Donor Julie Rafferty ’78 paid her own way through college, now she gives back to help a student’s future unfold

Julie Rafferty thinks everyone should go to Newhouse.

“If you’re thinking you want to be a doctor, a scientist, an engineer—combining that with what you learn at Newhouse would make you much more powerful in the world,” Rafferty says. “Paired with liberal arts, it’s pretty ideal even if you have no intention of going into journalism.”

And Rafferty would know. The Newhouse School is where she learned to write and write effectively. Those skills have proven valuable in her impressive career as a professional communicator. The 1978 Newhouse graduate was director of communications for the Joslin Diabetes Center in Massachusetts for nearly 20 years. And since 2003, she has worked at the Harvard T.H. Chan School of Public Health in Boston. As associate vice dean for communications she manages media relations, marketing and fundraising communications, among other responsibilities.

Michael and Julie Rafferty holding oranges
Michael and Julie Rafferty live outside Boston.

“The communications field has changed tremendously since I was (at Newhouse) but at the end of the day, if you don’t know how to write or speak or communicate verbally in whatever medium you’re using, you’re not going to be successful in any endeavor,” she says. “The skills Newhouse teaches are universally applicable.”

Rafferty says she values the time she spent at Syracuse University, where she was a dual major in magazine, in Newhouse, and policy studies in the Maxwell School of Citizenship and Public Affairs. She also worked hard to be there. To pay the $3,000 annual tuition, Rafferty worked summers, took out loans and graduated a semester early to save money. Rafferty’s engineer father was already retired when she attended SU, which meant her parents were living on about $12,000 a year from his pension, social security and her mother’s salary as a secretary.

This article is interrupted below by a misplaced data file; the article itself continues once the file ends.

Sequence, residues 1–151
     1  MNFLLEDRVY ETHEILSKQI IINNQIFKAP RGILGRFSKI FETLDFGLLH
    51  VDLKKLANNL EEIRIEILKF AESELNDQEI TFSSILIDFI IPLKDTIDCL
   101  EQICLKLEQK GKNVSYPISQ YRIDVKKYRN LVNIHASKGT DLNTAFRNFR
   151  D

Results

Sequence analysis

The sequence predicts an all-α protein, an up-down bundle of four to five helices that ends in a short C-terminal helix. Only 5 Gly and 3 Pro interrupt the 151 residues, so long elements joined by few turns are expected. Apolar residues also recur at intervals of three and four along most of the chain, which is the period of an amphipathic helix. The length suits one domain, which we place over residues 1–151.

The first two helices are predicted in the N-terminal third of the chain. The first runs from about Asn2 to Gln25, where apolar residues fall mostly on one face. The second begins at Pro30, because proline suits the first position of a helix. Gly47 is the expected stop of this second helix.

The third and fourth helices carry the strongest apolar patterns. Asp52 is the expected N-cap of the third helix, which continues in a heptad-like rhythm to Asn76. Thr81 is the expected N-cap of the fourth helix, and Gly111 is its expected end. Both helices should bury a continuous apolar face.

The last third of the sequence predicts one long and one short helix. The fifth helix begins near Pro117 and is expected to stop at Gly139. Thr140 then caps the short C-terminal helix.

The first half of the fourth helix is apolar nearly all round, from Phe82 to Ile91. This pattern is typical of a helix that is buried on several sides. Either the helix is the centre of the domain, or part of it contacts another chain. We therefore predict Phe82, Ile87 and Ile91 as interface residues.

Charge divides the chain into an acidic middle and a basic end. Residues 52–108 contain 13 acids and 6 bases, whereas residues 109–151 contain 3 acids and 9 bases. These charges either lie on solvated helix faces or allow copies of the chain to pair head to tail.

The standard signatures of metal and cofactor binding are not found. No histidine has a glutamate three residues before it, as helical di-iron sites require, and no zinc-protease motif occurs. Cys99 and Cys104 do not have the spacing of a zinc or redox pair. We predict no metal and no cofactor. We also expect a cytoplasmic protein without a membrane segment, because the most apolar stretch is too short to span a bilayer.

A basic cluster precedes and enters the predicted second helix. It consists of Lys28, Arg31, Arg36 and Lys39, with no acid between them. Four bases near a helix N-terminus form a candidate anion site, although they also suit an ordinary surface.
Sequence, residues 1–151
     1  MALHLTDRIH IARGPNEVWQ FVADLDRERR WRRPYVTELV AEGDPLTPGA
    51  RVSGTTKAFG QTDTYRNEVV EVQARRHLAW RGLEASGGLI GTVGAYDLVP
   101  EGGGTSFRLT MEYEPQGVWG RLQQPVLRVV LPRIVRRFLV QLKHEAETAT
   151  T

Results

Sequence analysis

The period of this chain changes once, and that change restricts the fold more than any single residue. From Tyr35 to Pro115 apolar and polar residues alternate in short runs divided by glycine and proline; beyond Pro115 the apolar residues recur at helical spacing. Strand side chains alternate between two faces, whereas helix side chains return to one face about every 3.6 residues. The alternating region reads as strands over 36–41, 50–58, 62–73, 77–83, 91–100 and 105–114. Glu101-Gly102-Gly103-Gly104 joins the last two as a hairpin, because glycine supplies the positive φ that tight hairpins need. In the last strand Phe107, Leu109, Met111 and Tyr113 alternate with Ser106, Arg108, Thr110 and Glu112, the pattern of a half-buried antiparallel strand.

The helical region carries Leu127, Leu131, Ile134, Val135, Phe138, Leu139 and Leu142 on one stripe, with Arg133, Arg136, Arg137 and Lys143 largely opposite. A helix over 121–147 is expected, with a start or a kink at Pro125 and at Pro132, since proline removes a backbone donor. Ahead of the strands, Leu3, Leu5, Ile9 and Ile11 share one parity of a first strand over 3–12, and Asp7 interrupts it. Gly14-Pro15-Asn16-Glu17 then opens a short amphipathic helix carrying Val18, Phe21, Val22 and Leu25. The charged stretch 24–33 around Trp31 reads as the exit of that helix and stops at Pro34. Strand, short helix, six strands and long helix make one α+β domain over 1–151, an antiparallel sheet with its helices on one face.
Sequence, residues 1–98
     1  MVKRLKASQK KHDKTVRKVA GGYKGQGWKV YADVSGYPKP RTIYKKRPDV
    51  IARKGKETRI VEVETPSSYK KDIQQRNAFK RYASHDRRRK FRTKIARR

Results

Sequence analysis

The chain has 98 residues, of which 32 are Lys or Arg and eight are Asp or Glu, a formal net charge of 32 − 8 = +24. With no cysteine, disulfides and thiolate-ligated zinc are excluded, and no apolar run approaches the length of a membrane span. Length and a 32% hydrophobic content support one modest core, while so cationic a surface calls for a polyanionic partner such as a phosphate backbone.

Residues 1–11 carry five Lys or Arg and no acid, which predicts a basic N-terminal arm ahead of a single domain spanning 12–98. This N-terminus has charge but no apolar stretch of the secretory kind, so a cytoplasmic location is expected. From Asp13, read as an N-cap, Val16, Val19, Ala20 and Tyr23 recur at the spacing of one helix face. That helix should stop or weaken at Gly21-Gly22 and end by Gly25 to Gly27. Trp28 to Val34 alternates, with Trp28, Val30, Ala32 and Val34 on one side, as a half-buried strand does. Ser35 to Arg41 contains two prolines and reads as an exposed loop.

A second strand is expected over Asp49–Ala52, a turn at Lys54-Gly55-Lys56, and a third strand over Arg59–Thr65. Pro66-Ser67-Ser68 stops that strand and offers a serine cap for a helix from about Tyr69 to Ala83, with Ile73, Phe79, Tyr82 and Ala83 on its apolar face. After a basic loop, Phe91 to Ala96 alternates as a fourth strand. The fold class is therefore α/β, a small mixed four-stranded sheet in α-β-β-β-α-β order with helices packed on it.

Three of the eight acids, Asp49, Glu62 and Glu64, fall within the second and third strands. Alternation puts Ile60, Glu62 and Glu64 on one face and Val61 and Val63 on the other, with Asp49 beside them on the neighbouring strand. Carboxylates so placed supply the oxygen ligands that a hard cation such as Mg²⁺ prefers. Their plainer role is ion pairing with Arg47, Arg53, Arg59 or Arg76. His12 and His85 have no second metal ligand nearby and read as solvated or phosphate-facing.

“It certainly wasn’t poverty level back in the day but it wasn’t enough income on paper that they could pay my tuition,” she says.

Paying her own way through college has influenced Rafferty as a donor. It’s why she makes an annual gift to the Newhouse School to support a student award. Rafferty’s gift created the “Oh the Places You’ll Go” award, named after the iconic Dr. Seuss book, for students working with Sean Branagan and the Center for Digital Media Entrepreneurship.

Her gift also helps fund some travel expenses for Branagan’s students, allowing them to attend professional conferences such as South by Southwest.

“With her gift, we have been able to help students travel to meet with funders and attend entrepreneurship meet-ups and conferences,” Branagan says. “We have also awarded two students as Newhouse Student Entrepreneurs of the Year: Max Doblin last year and Erin Miller this year. Both are terrific students and received a $500 prize for their ventures.”

Rafferty jokes that she not in the position to give “piles of money,” but her role at Harvard makes her appreciate the challenges and importance of fundraising. And her dedication to Newhouse goes beyond just writing an annual check—she also gives her time.

“I met her at South by Southwest and she spent some time with our students there and even attended my Student Startup Madness event,” Branagan says. “Then, after she made the gift, she met with us again and she came to SSM again, too, and listened attentively to student startups from colleges all over the country. 

“Julie is great.”